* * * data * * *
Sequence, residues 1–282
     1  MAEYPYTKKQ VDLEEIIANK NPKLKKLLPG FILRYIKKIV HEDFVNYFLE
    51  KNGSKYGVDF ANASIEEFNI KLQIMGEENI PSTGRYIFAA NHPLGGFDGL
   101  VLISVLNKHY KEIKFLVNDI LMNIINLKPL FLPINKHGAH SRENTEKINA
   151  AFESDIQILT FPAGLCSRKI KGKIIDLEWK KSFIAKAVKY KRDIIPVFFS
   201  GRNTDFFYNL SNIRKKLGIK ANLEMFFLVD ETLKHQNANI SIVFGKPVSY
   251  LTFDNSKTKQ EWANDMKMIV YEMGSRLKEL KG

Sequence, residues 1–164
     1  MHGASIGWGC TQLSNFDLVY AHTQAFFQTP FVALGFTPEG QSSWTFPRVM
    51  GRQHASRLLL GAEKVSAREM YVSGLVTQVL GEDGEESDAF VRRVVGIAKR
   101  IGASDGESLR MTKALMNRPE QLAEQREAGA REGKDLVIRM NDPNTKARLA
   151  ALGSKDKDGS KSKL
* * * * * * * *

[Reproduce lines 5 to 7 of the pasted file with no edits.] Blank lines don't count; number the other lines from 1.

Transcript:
   151  AFESDIQILT FPAGLCSRKI KGKIIDLEWK KSFIAKAVKY KRDIIPVFFS
   201  GRNTDFFYNL SNIRKKLGIK ANLEMFFLVD ETLKHQNANI SIVFGKPVSY
   251  LTFDNSKTKQ EWANDMKMIV YEMGSRLKEL KG